Kirsti Evans, author
John Swogger, illustrator
Paperback: 144 pages
Publisher: Jessica Kingsley Pub; 1 edition (January 15, 2011)
Review based on ARC from Amazon Vine.
Something Different About Dad is a both a nonfiction and fiction illustrated resource with an intended audience of children aged 7 to 15 that have an adult in their life with Asperger Syndrome. It is designed in a style similar to the graphic novel, with friendly monochrome illustrations and a handwritten type of font.
The preface introduces the author and illustrator as guides to the story, and gives a brief explanation of what the book will be about:
Whether or not you know for sure that the person you are thinking of has Asperger Syndrome, we hope this book will help. We hope it will help you answer some of the questions you might have and give you some ideas about how to deal with parents or other adults with Asperger Syndrome.Something Different About Dad certainly lives up to this expectation.
It is essentially a story told by a preteen named Sophie, whose father (Mark) has Asperger Syndrome ("AS"). Each chapter begins with Sophie describing an incident in their family life that has led to difficulties for Mark, and as a result, to embarrassment, emotional pain and misunderstanding for the family. After the incident is recounted by Sophie, with illustrations that do a fantastic job of showing the emotions that each person is experiencing, Kirsti and John appear in the chapter to explain what caused Mark to act as he did.
Ms. Evans, whose experience with Autism and AS is obviously not in name only, does a wonderful job of explaining just what AS is, the four main areas that difficulties occur for persons with AS, and what can trigger the socially unacceptable behavior. It is explained with clarity and in detail, and yet is not overwhelming with all the factual information.
After picking apart the situation to find the antecedent to Mark's behavior, Kirsti and John then speak to the various family members, giving advice on how to lessen the frustration of a situation for Mark. The family then talks about what changes they have made and how these changes have reduced that type of behavior from Mark.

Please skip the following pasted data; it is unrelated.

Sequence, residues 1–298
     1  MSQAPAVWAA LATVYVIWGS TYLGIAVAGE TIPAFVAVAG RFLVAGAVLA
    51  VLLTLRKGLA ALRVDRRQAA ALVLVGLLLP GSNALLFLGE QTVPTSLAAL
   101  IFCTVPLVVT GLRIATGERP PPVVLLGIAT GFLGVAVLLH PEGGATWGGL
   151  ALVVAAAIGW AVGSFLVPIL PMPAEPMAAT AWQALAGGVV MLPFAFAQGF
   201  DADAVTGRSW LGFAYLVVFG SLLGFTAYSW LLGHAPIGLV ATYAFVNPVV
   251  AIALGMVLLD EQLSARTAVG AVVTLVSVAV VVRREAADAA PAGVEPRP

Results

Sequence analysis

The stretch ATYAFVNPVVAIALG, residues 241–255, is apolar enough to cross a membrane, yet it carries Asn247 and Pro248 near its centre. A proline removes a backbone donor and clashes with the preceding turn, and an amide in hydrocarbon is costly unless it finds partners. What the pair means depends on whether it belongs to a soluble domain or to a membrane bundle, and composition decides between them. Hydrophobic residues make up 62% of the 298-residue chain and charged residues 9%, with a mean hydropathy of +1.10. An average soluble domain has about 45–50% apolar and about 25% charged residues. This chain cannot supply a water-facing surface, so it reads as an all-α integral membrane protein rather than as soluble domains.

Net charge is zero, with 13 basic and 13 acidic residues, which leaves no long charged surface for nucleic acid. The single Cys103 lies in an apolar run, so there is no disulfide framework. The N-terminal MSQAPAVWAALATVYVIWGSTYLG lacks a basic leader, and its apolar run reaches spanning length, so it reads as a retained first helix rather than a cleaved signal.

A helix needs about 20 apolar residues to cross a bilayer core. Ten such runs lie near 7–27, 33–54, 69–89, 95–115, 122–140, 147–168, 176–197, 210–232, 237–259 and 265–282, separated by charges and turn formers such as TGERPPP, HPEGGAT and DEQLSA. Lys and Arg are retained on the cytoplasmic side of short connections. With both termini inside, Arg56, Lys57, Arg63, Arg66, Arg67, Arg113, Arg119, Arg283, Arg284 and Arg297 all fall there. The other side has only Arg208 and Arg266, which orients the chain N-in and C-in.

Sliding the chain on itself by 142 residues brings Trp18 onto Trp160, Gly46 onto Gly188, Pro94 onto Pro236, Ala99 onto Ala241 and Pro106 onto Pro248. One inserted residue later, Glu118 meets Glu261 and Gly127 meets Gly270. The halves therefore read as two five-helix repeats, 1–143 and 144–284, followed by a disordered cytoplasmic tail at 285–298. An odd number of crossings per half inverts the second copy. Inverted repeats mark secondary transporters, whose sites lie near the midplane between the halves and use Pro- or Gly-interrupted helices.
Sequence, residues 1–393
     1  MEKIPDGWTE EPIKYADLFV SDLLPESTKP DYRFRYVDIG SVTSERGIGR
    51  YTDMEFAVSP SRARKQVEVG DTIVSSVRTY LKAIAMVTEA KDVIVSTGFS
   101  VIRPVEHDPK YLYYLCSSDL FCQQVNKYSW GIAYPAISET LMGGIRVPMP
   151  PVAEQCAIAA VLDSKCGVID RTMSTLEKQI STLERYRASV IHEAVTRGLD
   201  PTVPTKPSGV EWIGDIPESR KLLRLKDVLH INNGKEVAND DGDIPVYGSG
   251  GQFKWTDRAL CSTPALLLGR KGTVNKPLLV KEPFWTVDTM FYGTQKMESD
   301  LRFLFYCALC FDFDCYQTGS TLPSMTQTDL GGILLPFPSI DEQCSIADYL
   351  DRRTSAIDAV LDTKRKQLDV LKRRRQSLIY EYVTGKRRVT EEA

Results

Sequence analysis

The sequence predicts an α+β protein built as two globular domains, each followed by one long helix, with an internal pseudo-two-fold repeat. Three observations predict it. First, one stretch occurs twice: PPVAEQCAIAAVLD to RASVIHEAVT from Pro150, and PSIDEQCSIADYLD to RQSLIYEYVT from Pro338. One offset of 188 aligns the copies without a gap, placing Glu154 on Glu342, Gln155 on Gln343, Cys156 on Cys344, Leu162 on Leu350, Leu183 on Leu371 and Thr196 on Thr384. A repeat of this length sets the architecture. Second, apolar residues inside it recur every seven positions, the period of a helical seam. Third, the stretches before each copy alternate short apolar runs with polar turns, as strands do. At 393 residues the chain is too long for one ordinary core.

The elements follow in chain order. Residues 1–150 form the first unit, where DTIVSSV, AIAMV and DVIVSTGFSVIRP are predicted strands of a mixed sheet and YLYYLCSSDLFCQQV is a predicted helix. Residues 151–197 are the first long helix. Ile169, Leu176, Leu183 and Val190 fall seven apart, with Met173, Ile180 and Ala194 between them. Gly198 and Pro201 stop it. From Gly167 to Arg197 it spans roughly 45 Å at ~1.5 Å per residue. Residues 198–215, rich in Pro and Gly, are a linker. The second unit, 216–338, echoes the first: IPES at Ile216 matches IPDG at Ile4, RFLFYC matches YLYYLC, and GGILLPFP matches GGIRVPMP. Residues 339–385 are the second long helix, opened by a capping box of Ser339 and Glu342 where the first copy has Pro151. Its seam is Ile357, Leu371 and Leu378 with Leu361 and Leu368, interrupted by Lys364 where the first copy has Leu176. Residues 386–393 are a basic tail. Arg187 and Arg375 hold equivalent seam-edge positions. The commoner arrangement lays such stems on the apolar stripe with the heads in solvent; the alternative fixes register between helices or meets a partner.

Despite addressing such serious issues as anger toward the parent with AS, having one's feelings hurt deeply by the parent with AS and frustration at having to arrange schedules around that parent instead of oneself, the book ends on a very positive and hopeful note.
My only complaint about the book was that Mark was not generally held accountable for his behavior or asked to work on reducing his reactions. After I pondered on this, however, I realized that the book is geared for children who would not have the right to ask for such changes from an adult, who would only be able to make changes in their own life to help, and therefore showing such a situation would not be appropriate.
Swooger's illustrations fit the story and the information very well. I not only work with young children that have Autism and AS, but have AS myself, and I thought his he caught the expressions of situations very well. I was particularly impressed with the way he showed conversations going on around Mark, and how overwhelming it was to have some much going on. I found it interesting that he drew Mark with blank eyes, different from everyone else; I'm not sure if it was meant to simply show a difference in how Mark looked at the world, but I rather uncomfortably interpreted it to be a blank stare and didn't find that to be as appropriate as the rest of the illustrations.
I think this book would be an excellent resource for children with adults, or even other children, in their life with AS. Regardless of the book's language being geared toward a younger age group, it is also an excellent resource for adults who are experiencing the effects of AS in their life.